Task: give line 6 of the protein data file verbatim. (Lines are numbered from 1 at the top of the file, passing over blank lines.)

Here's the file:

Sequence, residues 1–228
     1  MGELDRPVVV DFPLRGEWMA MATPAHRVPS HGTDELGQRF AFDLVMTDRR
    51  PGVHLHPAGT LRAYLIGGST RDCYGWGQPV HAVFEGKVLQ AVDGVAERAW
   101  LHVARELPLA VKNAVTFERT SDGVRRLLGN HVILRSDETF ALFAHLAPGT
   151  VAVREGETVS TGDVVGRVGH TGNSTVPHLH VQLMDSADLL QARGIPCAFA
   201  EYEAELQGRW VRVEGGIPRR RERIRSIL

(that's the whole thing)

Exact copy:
   201  EYEAELQGRW VRVEGGIPRR RERIRSIL